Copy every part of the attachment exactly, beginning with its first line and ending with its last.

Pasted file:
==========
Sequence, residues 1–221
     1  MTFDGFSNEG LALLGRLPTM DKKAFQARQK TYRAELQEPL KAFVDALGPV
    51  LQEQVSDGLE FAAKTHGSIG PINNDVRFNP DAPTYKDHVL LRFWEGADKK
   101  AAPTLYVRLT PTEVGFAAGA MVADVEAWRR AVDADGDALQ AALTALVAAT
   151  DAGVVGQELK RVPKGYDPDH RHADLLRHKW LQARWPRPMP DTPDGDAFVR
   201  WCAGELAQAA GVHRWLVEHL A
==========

Sequence, residues 1–221
     1  MTFDGFSNEG LALLGRLPTM DKKAFQARQK TYRAELQEPL KAFVDALGPV
    51  LQEQVSDGLE FAAKTHGSIG PINNDVRFNP DAPTYKDHVL LRFWEGADKK
   101  AAPTLYVRLT PTEVGFAAGA MVADVEAWRR AVDADGDALQ AALTALVAAT
   151  DAGVVGQELK RVPKGYDPDH RHADLLRHKW LQARWPRPMP DTPDGDAFVR
   201  WCAGELAQAA GVHRWLVEHL A